13

I do not understand how I can compare integers in TeX.

\documentclass[]{article}    
\begin{document}

\if 1<>0
1 is not equal 0.
\else
1 equals 0.
\fi

\end{document}

According to this code snippet 1 equals 0. Why? I have read that integer comparisons are done with \ifnum, but this command throws errors.

  • 3
    \ifnum...\else...\fi is the integer comparator in TeX. However, <> is not a valid comparison. \ifnum0=1\relax 0 equals 1\else 0 is not equal 1\fi. What you wrote in your question compared the tokens 1 and <, which were not found identical, so that the \else clause was invoked. – Steven B. Segletes Sep 24 '19 at 12:07
21

\if compares two tokens, independently of what they mean. The test \if 1<>0 compares 1 and < and yields false, thus you see 1 equals 0. For the sake of the example, if you had, \if 11<>0 then the test would be true because TeX would compare 1 and the next 1 and would return true. Then the test:

\if 11<>0
11 is not equal 0.
\else
11 equals 0.
\fi

would print:

<>0 11 is not equal 0.

because the tokens <>0 would not be used by \if, so TeX would simply write them on the output.

To do an integer comparison you need \ifnum:

\ifnum 1=0
1 equals 0.
\else
1 is not equal 0.
\fi

Also, TeX does not have a not equal to comparison. You can only compare with <, =, or >.

| improve this answer | |
11

Just for completeness: (La)TeX does have something that is equivalent to <>: \unless\ifnum#1=#2.

\documentclass[]{article}    
\begin{document}

\unless\ifnum1=0
1 is not equal 0.
\else
1 equals 0.
\fi

\end{document}

In this case it does not make things shorter or simpler, but sometimes this helps making the code easier to understand.

| improve this answer | |
  • 1
    This requires LaTeX. The question is tagged "tex-core". – barbara beeton Sep 24 '19 at 15:00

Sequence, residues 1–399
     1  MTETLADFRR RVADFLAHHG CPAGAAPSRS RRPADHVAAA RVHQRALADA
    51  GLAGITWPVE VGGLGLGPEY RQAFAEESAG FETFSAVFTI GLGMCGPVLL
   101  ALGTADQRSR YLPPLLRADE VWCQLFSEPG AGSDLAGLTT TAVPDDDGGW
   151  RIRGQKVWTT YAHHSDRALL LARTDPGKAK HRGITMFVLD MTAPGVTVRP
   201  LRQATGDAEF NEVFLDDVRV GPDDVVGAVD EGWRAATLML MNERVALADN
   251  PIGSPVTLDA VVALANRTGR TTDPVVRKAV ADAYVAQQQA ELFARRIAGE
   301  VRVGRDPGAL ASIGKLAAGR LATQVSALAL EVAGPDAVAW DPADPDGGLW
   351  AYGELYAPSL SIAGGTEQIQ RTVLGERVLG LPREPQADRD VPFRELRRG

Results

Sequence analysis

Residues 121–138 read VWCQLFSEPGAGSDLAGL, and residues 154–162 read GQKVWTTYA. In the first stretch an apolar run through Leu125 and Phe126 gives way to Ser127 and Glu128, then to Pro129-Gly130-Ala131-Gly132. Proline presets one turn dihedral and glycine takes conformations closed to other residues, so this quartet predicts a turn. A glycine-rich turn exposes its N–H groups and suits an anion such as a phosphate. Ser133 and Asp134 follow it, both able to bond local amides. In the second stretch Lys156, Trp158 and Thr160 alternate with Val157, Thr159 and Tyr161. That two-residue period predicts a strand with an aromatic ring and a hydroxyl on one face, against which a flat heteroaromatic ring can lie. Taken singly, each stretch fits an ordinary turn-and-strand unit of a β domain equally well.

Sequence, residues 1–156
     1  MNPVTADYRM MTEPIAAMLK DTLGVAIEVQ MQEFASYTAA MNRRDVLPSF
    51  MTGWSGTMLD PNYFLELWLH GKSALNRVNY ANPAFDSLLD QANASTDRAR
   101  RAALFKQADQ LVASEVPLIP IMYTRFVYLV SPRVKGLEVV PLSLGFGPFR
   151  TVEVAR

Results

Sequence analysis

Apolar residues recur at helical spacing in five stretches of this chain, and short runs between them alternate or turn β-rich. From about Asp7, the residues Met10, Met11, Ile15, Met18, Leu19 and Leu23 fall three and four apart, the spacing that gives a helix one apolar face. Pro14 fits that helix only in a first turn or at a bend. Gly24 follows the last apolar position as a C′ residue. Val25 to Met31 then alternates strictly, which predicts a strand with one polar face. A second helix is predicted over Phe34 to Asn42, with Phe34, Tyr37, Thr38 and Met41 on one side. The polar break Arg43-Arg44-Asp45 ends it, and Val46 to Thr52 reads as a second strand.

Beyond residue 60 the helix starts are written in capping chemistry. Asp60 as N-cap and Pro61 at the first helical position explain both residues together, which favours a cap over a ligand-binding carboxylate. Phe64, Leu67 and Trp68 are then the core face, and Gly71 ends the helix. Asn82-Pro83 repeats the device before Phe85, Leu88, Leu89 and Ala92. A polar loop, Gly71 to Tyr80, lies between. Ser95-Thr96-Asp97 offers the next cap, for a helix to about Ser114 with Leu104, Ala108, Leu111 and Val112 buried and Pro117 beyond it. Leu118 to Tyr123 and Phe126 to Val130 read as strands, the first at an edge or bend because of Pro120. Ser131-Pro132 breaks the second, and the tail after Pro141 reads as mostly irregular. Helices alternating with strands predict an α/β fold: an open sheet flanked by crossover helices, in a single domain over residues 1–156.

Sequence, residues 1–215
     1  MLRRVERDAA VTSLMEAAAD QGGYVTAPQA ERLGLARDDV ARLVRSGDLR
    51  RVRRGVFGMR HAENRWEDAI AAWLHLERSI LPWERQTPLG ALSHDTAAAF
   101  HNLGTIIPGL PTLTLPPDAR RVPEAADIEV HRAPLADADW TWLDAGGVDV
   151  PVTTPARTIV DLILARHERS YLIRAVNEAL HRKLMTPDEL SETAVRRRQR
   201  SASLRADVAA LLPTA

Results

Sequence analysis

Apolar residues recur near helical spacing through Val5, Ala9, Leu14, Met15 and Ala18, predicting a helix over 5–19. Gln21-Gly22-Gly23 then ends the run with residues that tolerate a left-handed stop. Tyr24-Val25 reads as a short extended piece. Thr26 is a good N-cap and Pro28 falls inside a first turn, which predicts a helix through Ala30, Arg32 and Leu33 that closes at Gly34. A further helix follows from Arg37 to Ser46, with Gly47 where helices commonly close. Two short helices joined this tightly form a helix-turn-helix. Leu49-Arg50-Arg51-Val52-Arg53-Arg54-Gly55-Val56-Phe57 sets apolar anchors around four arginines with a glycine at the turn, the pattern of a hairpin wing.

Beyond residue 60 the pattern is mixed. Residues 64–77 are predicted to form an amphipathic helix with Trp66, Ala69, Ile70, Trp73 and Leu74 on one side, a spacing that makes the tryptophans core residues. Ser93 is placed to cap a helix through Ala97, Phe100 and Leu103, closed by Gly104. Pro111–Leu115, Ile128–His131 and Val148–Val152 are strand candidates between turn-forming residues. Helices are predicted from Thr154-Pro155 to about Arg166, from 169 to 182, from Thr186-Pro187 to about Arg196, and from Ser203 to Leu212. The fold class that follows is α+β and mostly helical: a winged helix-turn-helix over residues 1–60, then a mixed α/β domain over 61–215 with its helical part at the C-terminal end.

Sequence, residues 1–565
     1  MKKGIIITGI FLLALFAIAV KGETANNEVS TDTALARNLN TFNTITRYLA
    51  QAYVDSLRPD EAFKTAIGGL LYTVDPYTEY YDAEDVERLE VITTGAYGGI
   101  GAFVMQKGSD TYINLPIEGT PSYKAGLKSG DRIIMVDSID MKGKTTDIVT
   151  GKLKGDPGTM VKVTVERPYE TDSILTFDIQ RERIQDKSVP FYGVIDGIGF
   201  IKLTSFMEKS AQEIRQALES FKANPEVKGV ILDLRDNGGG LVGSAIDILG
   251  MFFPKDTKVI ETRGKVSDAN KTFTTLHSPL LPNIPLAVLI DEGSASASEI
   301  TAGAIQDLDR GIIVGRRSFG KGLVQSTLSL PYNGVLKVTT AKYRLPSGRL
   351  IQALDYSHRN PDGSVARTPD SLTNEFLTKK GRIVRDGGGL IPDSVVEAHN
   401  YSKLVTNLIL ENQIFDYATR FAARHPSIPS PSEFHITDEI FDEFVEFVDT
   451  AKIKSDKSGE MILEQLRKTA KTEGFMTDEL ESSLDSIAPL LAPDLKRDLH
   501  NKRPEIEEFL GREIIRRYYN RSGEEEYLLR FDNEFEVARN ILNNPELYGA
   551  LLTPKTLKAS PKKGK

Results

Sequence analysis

• @barbarabeeton Thanks! Corrected. The MWE is clearly LaTeX. – user194703 Sep 24 '19 at 15:02
  • 2
    This does not require LaTeX: it requires e-TeX extensions, which, these days, are normally enabled by default. This has probably been a “slip of the tongue” of @barbarabeeton; it is a fact, however, that, since 2015, if I recollect correctly, the LaTeX kernel requires e-TeX extensions. – GuM Sep 24 '19 at 16:25
  • 1
    @GuM -- I accept the fact that this requires e-TeX extensions. However, I still consider "tex-core" to pertain to the original Knuthian TeX, and \unless isn't there. (I know. I could have used it more than once.) This limitation is present in the "tex-core" explication: "regardless of extensions (eTeX, etc.)". – barbara beeton Sep 24 '19 at 16:53
  • 1
    @GuM -- The way the question is now phrased, that conclusion is solid. However, the original phrasing (I checked the edit trail) said "... compare integers in LaTeX." My objection (which still holds, but has never been phrased that way) should be that the "tex-core" tag isn't appropriate. (Apologies for spreading confusion.) – barbara beeton Sep 25 '19 at 12:45

Your Answer

By clicking “Post Your Answer”, you agree to our terms of service, privacy policy and cookie policy

Not the answer you're looking for? Browse other questions tagged or ask your own question.